All of the work that a mayor should do adds up to one thing: making Seattle a better place for everyone to live. That means providing the built and natural amenities that lead to equity, prosperity, education, recreation, and cultural life.
A livable city provides a home for both new and existing residents through a clean environment, affordable housing, practical transit, sidewalks, bike lanes, access to technology, well-supported schools, and, of course, the Sonics, and most importantly by being safe, open, and welcoming to people of different races, abilities, sexualities, national origins, religions, and gender identities.
The city should provide the public spaces where people can gather together to eat, drink, exercise, play, collaborate, grow up, exercise their right to freedom of assembly, and learn from one another.
That’s why I support:
Increasing access to parks. Green spaces provide benefits to physical and mental health, well-being, and our environment--we must make sure that they are available and responsive to all. Seattle parks should serve all residents across the city, providing a wide range of services and opportunities for immersion in the natural environment. Local residents should have ownership over their parks and the projects that we undertake must be community-driven. This entails reaching out and learning from underserved communities, as well as ensuring that all residents have a park within walking distance. We need to make our park facilities more welcoming to all people and address the maintenance backlog. Last, we should fund studies of projects like the I-5 Lid so that we keep future possibilities open and explore the use of all of our city’s spaces.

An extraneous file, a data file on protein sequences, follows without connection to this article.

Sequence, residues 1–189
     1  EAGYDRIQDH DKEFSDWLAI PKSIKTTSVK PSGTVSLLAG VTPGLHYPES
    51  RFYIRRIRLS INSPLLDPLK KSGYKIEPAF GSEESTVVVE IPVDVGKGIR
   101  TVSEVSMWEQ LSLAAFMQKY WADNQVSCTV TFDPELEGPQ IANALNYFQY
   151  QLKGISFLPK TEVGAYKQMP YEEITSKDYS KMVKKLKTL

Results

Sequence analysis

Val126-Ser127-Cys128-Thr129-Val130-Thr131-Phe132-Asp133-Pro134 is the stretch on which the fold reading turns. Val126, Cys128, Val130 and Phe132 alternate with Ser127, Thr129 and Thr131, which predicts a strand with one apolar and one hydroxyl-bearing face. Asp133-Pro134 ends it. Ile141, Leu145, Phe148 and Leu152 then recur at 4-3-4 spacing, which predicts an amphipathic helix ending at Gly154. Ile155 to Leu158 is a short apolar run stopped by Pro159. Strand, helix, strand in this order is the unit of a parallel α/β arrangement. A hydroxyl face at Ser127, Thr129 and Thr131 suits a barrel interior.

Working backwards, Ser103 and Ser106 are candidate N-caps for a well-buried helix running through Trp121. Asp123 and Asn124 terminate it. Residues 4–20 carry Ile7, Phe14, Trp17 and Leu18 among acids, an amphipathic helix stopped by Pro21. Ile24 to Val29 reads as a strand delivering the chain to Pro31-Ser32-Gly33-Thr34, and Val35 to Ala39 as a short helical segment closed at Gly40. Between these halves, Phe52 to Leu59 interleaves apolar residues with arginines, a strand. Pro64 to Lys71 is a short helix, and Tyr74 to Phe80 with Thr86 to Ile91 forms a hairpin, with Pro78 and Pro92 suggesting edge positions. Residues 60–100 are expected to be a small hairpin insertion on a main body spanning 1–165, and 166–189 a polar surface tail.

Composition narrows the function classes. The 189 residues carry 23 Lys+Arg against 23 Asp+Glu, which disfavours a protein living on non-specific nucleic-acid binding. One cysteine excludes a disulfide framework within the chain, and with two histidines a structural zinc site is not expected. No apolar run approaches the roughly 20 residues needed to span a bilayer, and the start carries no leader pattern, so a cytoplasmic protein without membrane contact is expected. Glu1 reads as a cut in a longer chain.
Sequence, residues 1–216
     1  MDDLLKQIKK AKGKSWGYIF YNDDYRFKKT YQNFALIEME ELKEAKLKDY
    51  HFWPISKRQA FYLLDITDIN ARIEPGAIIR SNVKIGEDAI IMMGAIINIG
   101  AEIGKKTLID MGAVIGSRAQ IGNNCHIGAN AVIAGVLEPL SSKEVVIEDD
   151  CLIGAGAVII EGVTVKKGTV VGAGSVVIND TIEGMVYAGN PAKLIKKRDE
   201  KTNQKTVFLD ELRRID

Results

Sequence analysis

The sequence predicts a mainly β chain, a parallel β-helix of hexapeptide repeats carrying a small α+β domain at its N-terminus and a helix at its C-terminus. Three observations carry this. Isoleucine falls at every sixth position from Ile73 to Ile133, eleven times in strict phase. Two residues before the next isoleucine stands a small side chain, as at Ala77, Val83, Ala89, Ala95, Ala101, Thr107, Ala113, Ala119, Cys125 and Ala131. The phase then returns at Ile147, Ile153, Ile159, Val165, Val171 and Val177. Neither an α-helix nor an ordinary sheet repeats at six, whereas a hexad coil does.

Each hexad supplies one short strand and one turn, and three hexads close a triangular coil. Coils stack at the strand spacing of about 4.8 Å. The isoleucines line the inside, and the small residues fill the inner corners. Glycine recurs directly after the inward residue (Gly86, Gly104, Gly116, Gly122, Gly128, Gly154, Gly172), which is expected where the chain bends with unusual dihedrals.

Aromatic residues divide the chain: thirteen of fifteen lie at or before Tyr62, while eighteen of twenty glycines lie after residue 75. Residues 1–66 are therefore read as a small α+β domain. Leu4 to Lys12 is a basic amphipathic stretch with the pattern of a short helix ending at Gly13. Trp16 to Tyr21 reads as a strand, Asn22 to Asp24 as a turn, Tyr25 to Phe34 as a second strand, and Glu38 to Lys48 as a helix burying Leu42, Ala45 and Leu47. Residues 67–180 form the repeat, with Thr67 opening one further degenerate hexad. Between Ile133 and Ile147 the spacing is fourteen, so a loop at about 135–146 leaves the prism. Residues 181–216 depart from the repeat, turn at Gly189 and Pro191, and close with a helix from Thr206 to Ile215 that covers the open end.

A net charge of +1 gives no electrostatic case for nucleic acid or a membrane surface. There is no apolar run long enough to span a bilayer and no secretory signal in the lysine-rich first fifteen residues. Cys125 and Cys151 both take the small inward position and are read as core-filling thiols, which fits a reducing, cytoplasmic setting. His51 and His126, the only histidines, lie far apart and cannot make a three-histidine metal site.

Growing the reach of the Seattle Public Library. The Seattle Public Library is a center of our educational and cultural life, a key part of our safety net, and one of the strongest threads holding together our civic fabric. My vision is for SPL to innovate while continuing to serve its core functions of promoting literacy, providing continuing education, supporting intellectual freedom, and fostering a healthy democracy. That means further democratizing access to technology, including possibly through makerspaces or partnerships with nonprofit makerspaces. It means building civic engagement through new programs conceived and cultivated through the Library’s community listening sessions. And it means finding new ways of reaching marginalized and vulnerable populations, especially in the communities that are home to the Library’s new branches.
As a Mayor who knows what it’s like to raise a family in the city, I will invest in the civic institutions that will make Seattle a better place to live for us, our children, and our children’s children.